With so many other cooking games on the market, what steps did you take to make Top Chef stand out from the crowd?

The most important item here, and a lot of credit goes to Gamelab on this, is that other cooking games provide you with a recipe and you simply follow along and complete each step on the list. In Top Chef the game, like on the show, we wanted the creativity of cooking to stand out, allowing players to create their own recipes with a large set of ingredients to choose from. This has resulted in some extremely delicious looking dishes and some that sound, well, less than edible.

I have read some reviews that complained about the awful dishes that were created in the game, but who chose those ingredients?  =)   On the flip side, I have watched players who really took the time to learn their ingredients and become experts at the game, and they have created dishes that honestly made my mouth water. Everyone working on the game at one point or another had to take a break and get some food after seeing a particularly tasty in-game dish.

The gameplay of selecting appropriate ingredients based on given criteria is similar to Jojo’s Fashion Show, another Gamelab title. How did you adapt the fashion-themed gameplay of Jojo’s to fit cooking?

In all honesty, this was the most ambitious and most difficult part of the project. Unlike the fashion world, where sight (and perhaps touch) are the senses that matter, the inability of a computer game to provide taste or smell made it tough to figure out the best way to judge a player’s dishes. The solution here was to reward players for two important accomplishments with their food – following the challenge requirements (if you’re supposed to make a spicy dish and you pile on the chili peppers, the judges will be pleased) and putting together ingredient combinations that work well together (there are over 400 "classic combos" in the game, my favorites are Orange + Lemon and Jalapeno + Avocado)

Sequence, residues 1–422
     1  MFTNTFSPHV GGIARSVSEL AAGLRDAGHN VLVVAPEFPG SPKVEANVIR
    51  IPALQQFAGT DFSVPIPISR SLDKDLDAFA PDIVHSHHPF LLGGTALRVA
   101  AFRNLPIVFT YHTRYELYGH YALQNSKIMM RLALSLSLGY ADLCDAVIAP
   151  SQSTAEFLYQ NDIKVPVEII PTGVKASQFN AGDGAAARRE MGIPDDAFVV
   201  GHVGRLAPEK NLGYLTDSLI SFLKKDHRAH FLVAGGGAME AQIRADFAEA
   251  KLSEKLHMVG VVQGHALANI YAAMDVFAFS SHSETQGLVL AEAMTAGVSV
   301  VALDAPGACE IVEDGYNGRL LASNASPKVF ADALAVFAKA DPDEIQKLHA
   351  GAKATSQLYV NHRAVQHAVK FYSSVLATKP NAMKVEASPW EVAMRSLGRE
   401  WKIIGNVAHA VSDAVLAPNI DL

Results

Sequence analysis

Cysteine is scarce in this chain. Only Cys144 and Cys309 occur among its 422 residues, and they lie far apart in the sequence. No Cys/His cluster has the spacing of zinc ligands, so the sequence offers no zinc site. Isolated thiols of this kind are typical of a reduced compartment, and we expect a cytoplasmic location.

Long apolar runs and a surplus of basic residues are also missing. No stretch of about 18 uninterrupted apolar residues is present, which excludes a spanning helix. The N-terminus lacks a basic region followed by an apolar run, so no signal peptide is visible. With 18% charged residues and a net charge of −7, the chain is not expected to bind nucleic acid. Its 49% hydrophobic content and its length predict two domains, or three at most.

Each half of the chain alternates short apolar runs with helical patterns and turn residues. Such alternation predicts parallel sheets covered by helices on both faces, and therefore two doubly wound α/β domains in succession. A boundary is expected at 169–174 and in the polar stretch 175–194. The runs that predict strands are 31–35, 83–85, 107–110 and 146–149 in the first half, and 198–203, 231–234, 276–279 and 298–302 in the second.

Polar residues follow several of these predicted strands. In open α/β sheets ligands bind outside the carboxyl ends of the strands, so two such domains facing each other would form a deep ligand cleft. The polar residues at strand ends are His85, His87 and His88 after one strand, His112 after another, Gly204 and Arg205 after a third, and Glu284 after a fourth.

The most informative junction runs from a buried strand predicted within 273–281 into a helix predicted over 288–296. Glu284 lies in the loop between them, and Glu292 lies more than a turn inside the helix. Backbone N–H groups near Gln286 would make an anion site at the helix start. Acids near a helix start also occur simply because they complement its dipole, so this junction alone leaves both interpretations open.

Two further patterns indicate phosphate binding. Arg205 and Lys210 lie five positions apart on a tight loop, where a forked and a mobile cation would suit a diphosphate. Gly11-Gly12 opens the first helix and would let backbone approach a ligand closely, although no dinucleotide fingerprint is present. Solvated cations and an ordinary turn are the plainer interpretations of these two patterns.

How would you describe the development process overall? Smooth? Difficult?

It was a fairly difficult process, especially seeing as we changed direction in a major way two and a half months in to make sure that our game had enough focus. The original plan was for players to go shopping for ingredients before choosing their recipe and stepping into the kitchen. We went back and forth with ideas to try and keep the shopping aspect in the game, but at the end it was decided that the game’s focus in the kitchen provided plenty of challenge for players on its own.